It’s 2023. Here’s the current state of the gender pay gap.
Hold up. What’s the gender pay gap?
The gender pay gap. Where do we begin? It’s the discrepancy in earnings between men and women in the workforce.
It’s typically calculated by comparing the average pay of all men in a particular job or industry to the average pay of all women in the same job or industry.
In other words, if men and women are doing the same job with the same level of experience and education, the gender pay gap refers to the fact that women earn less on average than men.
It’s more than a series of individual faults; it’s a deep, systemic, macro issue with significant economic and social consequences for our world at large.
Wait, there’s a gender pay gap? Isn’t it 2023??
Ugh, so you feel us. What’s worse: as of March 1, 2023, the PEW Research Center published the staggering reality that in the U.S., the gender pay gap hasn't changed much in two decades.
You heard that right. Unfortunately, the gender pay gap is a well-documented part of our reality across industries and sectors.
And while the gender pay gap affects all women, it does not affect all women equally. What do we mean by that? Women of color, LGBTQ+ women, and women with disabilities, face unique challenges that compound the impact of the gender pay gap.
Women of color, for instance, experience a double bind because they face both racism and sexism in the workplace. According to data from the U.S. Government Accountability Office, African American women earn only 63 cents for every dollar earned by white men. Similarly, Latina women earn only 55 cents, Native American women earn 60 cents.
What does this disparity mean?
This disparity means that women of color have to quite simply do more to close that gap. More hours. More jobs. More freelance work. More hard conversations. More advocacy. Moreover, they are less likely to have access to benefits like paid leave, which exacerbates their financial insecurity.
LGBTQ+ women also face unique challenges in the workplace, as they are more likely to experience discrimination and harassment. Research has shown that LGBTQ+ workers are more likely to report experiencing discrimination based on their sexual orientation or gender identity, which can lead to negative mental health outcomes and impact their ability to secure employment or advance in their careers. This stuff compounds. According to a report by the Williams Institute at UCLA, lesbian and bisexual women earn less than their heterosexual counterparts, with bisexual women facing the greatest pay disparities.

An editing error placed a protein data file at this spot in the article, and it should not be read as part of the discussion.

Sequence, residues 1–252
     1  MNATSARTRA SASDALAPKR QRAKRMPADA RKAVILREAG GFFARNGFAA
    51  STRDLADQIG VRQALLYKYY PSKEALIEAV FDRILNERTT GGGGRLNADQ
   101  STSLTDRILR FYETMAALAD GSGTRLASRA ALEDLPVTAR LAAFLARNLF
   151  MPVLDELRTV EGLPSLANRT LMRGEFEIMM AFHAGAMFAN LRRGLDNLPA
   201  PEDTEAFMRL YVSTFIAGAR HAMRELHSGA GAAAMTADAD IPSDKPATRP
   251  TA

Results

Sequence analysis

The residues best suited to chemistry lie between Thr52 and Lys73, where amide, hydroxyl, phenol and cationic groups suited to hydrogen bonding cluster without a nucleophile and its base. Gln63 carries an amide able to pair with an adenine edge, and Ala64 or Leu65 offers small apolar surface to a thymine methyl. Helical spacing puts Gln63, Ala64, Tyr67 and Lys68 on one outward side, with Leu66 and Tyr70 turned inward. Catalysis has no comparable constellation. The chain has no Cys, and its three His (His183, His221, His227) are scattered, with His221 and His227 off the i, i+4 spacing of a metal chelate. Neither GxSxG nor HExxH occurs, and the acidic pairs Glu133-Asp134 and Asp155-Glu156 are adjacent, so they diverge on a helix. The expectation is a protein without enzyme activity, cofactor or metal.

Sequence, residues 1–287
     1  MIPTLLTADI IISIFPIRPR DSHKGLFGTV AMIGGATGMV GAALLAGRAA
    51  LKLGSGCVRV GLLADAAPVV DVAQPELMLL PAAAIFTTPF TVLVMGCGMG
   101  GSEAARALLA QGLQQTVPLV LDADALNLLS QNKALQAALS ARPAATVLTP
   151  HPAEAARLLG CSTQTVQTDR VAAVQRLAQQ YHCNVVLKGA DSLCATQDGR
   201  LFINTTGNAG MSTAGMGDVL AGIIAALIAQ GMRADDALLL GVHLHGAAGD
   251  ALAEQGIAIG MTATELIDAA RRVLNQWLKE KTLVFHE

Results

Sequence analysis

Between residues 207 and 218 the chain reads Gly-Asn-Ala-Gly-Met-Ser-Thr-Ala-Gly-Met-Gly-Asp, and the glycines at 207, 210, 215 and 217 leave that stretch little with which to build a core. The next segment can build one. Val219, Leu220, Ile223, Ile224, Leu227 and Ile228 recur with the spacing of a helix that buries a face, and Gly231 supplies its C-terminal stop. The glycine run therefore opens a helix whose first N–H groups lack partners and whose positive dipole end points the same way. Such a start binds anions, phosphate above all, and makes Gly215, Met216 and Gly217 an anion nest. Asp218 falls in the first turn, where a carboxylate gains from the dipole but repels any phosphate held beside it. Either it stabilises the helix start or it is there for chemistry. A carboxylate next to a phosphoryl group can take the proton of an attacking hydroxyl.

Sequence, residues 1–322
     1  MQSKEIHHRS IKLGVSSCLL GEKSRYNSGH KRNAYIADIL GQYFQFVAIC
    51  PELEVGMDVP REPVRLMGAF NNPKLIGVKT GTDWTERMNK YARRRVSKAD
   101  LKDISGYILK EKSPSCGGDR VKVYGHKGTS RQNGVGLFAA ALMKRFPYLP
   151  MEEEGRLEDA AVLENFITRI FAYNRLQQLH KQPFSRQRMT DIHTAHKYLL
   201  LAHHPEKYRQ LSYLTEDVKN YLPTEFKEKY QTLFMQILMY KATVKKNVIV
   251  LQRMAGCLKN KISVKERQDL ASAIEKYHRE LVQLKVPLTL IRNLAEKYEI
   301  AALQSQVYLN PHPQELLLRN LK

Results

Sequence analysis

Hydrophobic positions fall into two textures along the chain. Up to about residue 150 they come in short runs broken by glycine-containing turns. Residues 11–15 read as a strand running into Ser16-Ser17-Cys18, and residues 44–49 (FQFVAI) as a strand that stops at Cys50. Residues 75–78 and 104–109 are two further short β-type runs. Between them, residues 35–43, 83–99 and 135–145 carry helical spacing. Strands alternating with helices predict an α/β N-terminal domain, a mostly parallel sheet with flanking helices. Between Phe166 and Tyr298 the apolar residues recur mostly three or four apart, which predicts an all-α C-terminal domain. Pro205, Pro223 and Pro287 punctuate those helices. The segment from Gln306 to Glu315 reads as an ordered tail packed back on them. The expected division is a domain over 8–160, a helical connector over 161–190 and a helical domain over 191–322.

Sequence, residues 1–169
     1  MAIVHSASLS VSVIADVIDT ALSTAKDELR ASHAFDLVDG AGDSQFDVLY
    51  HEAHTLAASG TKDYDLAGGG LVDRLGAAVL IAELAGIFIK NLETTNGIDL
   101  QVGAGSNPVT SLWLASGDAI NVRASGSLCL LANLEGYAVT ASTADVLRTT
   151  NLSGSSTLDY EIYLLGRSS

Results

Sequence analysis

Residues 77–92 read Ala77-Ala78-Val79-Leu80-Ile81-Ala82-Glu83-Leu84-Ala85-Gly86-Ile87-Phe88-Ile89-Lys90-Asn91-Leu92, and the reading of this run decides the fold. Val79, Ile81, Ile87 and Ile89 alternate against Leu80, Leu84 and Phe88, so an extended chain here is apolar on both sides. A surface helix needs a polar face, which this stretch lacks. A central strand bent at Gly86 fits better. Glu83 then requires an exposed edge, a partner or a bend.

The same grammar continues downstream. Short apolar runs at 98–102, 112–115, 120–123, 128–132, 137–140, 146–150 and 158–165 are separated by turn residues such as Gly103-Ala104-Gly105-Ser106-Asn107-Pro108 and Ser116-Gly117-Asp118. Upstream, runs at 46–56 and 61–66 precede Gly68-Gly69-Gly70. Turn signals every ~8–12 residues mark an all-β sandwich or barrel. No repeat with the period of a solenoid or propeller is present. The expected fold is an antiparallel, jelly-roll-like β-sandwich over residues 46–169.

Women with disabilities are also disproportionately affected by the gender pay gap. According to the National Bureau of Economic Research, women with disabilities earn approximately 70 cents for every dollar earned by men without disabilities. Additionally, they are less likely to be employed and are more likely to live in poverty. Disability discrimination is also prevalent in the workplace, with many women with disabilities experiencing barriers to accessing education and training opportunities, as well as being passed over for promotion or having limited access to flexible work arrangements.
Wow I hate this. What can I do?
You’re already taking the first step: learn and talk about it. Here are some other ideas:
If you’re someone who hires and manages other, advocate, advocate, advocate! One way is to establish pay transparency on the micro and macro level. Talk about money, salary, income. Don’t let that information hide behind closed doors. As we say at HubSpot, sunlight is the best disinfectant. And boy does this issue need some disinfectant.
We’re encouraged to see more laws and policies enacted against the gap—laws that require employers to report pay data by race, gender, and other demographic factors.
Whoa whoa whoa. I don’t have that much power at my company.
Hey, everyone’s got power, so just make some noise and change however you can. Advocate for flexible work arrangements that accommodate the full spectrum of diverse lives that we wanna see in our companies, in our teams. Make your voice heard with policymakers to address the systemic inequalities that underlie the gender pay gap, like racial and gender discrimination, by implementing affirmative action policies and enforcing existing anti-discrimination laws. Research what the fight looks like in your local community.
We didn’t ask to be a part of this fight, but here we are. What we will say is this: everyone we’re fighting for is worth this work. Worth the awkward conversations. Worth the extra step.
How can I learn more?
Stay engaged by reading, researching, and jumping in to fight and advocate. Research groups like The B Team, a nonprofit that helps businesses align with the principles of sustainability, equality, and accountability. Organizations like these deliver robust solutions and options for all of us to join in and pursue equality.
Here’s to a future of equality and equity, where women—especially BIPOC, LGBTQ+, and disabled women—are paid what they’re due and beyond.